Perhaps the most egregious example of the media bending over backwards this past weekend was Meet the Press’s Chuck Todd, who behaved as though he had been anointed Moral Grand Master, excoriating the Anti-Fa for challenging Nazi’s ‘right to free speech’.
Free speech is codified in the UN’s Universal Declaration of Human Rights, to which all nations are expected to adhere:
Article 4. Liberty means being permitted to do anything that doesn’t harm others. The exercise of man’s human rights is limited solely by those that guarantee to all other members of society the enjoyment of these same rights, and can only be determined by laws.
Article 5. The law is only authorized to forbid actions that are harmful to society. Anything that is not proscribed by law cannot be prevented, and no one can be forced to do what the law does not command.
Article 19. Everyone has the right to freedom of opinion and expression; this right includes freedom to hold opinions without interference and to seek, receive and impart information and ideas through any media and regardless of frontiers.
(1) Everyone has the right to freedom of peaceful assembly and association.
(2) No one may be compelled to belong to an association.
So far, all well and good, however Article 29 states that:
1) Everyone has duties to the community in which alone the free and full development of his personality is possible.
Regarding the question of freedom of speech:
(2) In the exercise of his rights and freedoms, everyone shall be subject only to such limitations as are determined by law solely for the purpose of securing due recognition and respect for the rights and freedoms of others, and of meeting the just requirements of morality, public order and the general welfare in a democratic society.
(3) These rights and freedoms may in no case be exercised contrary to the purposes and principles of the United Nations.
It’s clear that while the rights of the Alt Right and Anti-Fa to free speech (and peaceful assembly!) are protected by the Universal Declaration of Human Rights, according to the same document, both are prevented from using force to affirm these rights or deprive others of them, as this would upset the public order and general welfare of society. As for “the general principles and purposes of the United Nations”, these are not specifically enunciated on its official website other than in this sentence describing the Secretary General:
The Secretary-General of the United Nations is a symbol of the Organization's ideals and a spokesman for the interests of the world's peoples, in particular the poor and vulnerable.
As every school child knows, the primary purpose of the United Nations is to prevent war, which punishes mainly the poor and the vulnerable, by facilitating the resolution of international problems through negotiation, building a corpus of international law. The problem is that the US does not recognize the primacy of international law. In the case of free speech, American pundits tend to invoke the first amendment to the Constitution:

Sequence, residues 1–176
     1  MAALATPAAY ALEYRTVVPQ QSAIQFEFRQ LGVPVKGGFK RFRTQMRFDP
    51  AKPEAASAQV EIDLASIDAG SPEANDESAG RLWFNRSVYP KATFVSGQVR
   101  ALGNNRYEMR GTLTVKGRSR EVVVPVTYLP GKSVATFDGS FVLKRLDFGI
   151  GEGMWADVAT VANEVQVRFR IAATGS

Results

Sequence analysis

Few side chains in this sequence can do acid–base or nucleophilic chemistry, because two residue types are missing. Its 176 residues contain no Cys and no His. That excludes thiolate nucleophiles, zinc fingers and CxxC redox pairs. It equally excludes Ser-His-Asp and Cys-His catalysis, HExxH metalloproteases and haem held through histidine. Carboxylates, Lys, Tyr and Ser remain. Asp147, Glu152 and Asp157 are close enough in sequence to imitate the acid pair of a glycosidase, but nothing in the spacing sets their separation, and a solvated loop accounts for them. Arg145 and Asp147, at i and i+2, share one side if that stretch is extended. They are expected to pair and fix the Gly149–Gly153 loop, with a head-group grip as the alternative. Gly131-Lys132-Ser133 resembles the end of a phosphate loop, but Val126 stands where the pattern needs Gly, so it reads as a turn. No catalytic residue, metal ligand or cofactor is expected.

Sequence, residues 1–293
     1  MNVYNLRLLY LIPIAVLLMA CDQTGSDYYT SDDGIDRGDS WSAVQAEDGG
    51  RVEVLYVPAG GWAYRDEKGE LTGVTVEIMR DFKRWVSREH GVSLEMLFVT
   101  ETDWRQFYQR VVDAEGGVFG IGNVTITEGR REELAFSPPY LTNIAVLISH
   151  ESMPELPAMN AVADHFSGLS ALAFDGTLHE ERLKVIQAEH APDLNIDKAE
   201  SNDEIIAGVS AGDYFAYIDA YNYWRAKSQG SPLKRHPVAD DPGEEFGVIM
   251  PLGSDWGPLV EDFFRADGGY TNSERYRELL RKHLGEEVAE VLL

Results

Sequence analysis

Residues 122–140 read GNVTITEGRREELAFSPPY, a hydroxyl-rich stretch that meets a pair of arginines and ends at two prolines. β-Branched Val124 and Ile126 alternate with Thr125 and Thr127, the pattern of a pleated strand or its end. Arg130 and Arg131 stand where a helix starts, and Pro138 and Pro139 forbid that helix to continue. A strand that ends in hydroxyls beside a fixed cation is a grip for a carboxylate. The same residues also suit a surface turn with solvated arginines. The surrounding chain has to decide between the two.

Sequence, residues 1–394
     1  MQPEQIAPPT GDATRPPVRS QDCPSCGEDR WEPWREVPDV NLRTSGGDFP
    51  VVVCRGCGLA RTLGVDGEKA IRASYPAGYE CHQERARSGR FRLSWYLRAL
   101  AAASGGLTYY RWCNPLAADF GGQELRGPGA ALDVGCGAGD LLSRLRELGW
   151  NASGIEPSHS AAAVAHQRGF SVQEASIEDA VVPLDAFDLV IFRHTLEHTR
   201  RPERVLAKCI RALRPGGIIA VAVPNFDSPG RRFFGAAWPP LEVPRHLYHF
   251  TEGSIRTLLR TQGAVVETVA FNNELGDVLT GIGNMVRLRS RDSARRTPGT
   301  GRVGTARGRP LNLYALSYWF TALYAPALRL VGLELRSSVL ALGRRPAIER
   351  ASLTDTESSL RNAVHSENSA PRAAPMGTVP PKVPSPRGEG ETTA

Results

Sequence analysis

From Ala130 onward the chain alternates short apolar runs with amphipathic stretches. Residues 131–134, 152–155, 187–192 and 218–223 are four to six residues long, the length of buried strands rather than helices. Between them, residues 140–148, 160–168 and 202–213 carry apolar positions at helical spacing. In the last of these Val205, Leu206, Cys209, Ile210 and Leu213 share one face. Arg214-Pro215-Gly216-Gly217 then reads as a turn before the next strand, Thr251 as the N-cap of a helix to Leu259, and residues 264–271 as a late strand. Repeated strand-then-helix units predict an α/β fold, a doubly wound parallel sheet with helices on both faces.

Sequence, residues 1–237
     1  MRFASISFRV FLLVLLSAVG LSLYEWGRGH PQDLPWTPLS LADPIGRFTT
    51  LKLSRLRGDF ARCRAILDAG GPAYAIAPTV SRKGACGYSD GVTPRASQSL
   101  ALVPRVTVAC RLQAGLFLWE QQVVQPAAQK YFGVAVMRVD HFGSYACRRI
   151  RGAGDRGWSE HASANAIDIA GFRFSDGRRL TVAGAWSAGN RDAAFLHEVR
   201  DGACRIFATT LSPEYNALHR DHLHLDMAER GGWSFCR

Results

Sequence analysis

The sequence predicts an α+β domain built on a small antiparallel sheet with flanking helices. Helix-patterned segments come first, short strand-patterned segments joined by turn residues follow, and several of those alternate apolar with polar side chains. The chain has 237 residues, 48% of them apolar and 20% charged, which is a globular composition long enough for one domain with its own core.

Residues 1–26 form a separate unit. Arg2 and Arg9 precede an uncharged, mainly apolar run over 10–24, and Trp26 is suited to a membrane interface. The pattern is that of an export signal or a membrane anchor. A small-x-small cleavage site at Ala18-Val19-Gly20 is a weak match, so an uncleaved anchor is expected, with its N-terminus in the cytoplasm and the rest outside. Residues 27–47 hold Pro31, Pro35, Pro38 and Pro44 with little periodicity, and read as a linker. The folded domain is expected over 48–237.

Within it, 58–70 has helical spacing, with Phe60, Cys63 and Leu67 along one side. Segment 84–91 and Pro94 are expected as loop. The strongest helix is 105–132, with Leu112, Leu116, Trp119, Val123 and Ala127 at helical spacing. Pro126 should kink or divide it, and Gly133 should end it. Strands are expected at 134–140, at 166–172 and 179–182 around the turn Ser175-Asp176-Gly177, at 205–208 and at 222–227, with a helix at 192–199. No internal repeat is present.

Congress shall make no law respecting an establishment of religion, or prohibiting
the free exercise thereof; or abridging the freedom of speech, or of the press; or the
right of the people peaceably to assemble, and to petition the Government for a
redress of grievances.
The same interpretation is at work currently as that of the Second Amendment, whose antique wording has, in modern times, been twisted beyond recognition, shielding people who think differences should be settled with a gun. In fact, the wording was chosen to justify the creation and maintenance of militias (whose primary task at the time was to catch runaway slaves).
Similarly, the first amendment plainly refers to the right of ‘the people’ to assemble in order to petition the government for the redress of grievances. It was not intended to protect the right of one group to gather in order to threaten another group. But as with guns, modern wordsmiths have given ancient words new meaning, resulting in Congress being barred from legislating against free speech.
Guarding this edifice is a site called The Newseum Institute whose task is to “promote, explain and defend free expression and the five freedoms of the First Amendment: religion, speech, press, assembly and petition.” A look at the Board of Directors reveals a preponderance of right-wing journalists and lawyers, of which the most prominent is the head of Gannet, whose USA Today, whose local editions cover the entire country with local news and trivia.
In 2012, Gannet disciplined 25 employees in Wisconsin who had signed the petition to recall Governor Scott Walker, stating that this open public participation in a political process was a violation of the company's code of journalistic ethics and that their primary responsibility as journalists was to “maintain credibility and public trust in themselves and the organization.”